Like many pieces of well-meaning legislation, pre-packs (or pre-packaged sales) are neither without flaws nor without just criticism; however many of the controversy surrounding them relates more to the way in which they have been misused than to serious failings with the system itself.
Pre-packs have been held open to abuse as being essentially a new twist on the old problem of asset-stripping. The Insolvency Service took steps to stop this by introducing new guidelines for Administrators, which took effect in January 2009. One of the key points of these guidelines is that Administrators must provide creditors with both the name of the buyer in the pre-pack transaction and whether or not there is any connection between the buyer and the company. The Insolvency Service has also indicated that although these guidelines are not actually points of law, failure to follow them could leave Administrators open to disciplinary proceedings. They have also indicated that they will rigorously pursue any directors who use pre-packs as a means to dispose of company debts before buying back the healthy part of the business.
There have also been concerns raised that Administrators may have their professional judgement swayed by the need to win business for their company. In other words, if company directors have decided that they wish to implement a pre-pack, they will have a preference for appointing an Administrator who will support them in their plans. There were allegations that Administrators were tacitly accepting the creation of Phoenix companies (raised from the ashes of pre-packs) purely because they were made aware that they were being offered the business on this basis. The 2009 guidelines address this situation and creditors who have concerns about the manner in which a pre-pack has been conducted can contact the Insolvency Service directly through their hotline as a simpler alternative to initiating legal proceedings.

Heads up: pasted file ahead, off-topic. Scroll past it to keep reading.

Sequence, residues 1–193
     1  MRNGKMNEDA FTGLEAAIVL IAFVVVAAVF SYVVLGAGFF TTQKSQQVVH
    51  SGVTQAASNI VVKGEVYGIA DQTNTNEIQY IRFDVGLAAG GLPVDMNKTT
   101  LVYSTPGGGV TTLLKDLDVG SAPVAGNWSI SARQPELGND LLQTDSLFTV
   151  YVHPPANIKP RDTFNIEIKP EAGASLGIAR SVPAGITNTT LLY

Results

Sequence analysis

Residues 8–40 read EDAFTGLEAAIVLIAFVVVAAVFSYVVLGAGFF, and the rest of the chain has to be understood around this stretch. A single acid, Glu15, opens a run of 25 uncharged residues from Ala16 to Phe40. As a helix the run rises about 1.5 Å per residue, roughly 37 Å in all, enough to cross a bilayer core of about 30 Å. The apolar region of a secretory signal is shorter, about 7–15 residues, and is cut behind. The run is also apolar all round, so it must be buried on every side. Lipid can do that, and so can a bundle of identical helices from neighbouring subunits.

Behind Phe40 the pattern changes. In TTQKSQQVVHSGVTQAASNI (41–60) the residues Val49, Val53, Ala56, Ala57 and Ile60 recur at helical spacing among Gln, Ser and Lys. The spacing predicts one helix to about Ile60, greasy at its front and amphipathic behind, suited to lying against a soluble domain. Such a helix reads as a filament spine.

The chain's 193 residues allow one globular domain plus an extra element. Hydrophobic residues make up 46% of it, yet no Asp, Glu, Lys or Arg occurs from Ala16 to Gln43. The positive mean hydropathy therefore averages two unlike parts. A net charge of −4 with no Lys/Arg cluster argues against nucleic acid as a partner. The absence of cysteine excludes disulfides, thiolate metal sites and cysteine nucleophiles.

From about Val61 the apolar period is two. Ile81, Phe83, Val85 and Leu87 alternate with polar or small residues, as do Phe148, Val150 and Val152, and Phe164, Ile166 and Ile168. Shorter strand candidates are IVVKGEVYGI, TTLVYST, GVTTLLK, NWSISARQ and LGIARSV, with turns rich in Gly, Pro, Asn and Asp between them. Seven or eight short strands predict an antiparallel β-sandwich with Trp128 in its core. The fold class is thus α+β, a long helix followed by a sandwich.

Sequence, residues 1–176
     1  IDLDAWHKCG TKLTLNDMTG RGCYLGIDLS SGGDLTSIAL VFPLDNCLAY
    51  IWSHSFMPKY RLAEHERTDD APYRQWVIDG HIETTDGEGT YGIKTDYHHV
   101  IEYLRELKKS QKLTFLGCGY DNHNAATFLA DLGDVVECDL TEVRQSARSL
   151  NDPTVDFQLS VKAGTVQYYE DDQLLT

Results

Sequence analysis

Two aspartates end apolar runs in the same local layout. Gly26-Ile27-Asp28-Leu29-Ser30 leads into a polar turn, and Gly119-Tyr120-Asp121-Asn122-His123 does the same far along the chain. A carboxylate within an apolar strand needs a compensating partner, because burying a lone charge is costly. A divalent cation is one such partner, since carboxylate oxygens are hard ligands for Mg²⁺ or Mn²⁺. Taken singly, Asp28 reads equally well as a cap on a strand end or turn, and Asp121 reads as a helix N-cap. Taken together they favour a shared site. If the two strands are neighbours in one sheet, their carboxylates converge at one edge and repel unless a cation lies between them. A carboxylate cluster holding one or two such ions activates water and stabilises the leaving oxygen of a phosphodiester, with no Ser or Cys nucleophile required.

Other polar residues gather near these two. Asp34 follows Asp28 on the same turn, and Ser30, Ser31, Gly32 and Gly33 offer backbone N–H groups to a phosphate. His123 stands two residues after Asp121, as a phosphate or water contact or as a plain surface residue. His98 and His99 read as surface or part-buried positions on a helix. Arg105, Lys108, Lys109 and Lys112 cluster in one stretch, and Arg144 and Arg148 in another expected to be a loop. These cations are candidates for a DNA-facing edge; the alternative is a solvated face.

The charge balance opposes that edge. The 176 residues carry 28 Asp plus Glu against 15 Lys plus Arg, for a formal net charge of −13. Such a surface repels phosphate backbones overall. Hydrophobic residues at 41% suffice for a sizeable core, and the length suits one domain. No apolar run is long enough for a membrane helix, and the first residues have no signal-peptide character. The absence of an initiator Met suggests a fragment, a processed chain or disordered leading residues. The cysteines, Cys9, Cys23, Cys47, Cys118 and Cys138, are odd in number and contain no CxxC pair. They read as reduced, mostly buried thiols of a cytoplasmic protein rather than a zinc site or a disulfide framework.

Possibly the biggest issue with pre-packs is the fact that they can be organized in secrecy. Unsecured creditors do not have to be consulted before the sale takes place. (Secured creditors do as they have to agree to their security being released). This is a complex issue. While it is true to say that, in theory, unsecured creditors usually have the opportunity to recover more of their money if the standard Administration procedure is followed, it is also fair to say that many companies use pre-packs because they have literally run out of money (or very nearly so) and simply would not survive long enough to go through Administration. This being so, the aim of the pre-pack process should be to sell as much of the business as possible for as much money as possible. If it becomes public knowledge that a business is being sold due to financial difficulties, its value may drop dramatically, which is why pre-packs are often highly confidential proceedings. There is also a very real risk of losing key employees, which could devalue a business still further, particularly if they move to a company’s direct competitors. Again, if creditors believe that they have been meaningfully disadvantaged by the pre-pack process, they can contact the Insolvency Service for assistance.
The 2009 Insolvency Service guidelines have gone a long way towards rectifying concerns about pre-packs. While they remain under scrutiny, all indications are that they will remain in much their current form for the foreseeable future.